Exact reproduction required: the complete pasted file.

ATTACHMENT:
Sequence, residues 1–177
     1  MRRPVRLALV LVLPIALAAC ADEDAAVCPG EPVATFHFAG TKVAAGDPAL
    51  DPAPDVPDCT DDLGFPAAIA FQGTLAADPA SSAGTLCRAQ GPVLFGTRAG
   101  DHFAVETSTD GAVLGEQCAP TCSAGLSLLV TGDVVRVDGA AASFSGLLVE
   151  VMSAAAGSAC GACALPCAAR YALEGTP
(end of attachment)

Sequence, residues 1–177
     1  MRRPVRLALV LVLPIALAAC ADEDAAVCPG EPVATFHFAG TKVAAGDPAL
    51  DPAPDVPDCT DDLGFPAAIA FQGTLAADPA SSAGTLCRAQ GPVLFGTRAG
   101  DHFAVETSTD GAVLGEQCAP TCSAGLSLLV TGDVVRVDGA AASFSGLLVE
   151  VMSAAAGSAC GACALPCAAR YALEGTP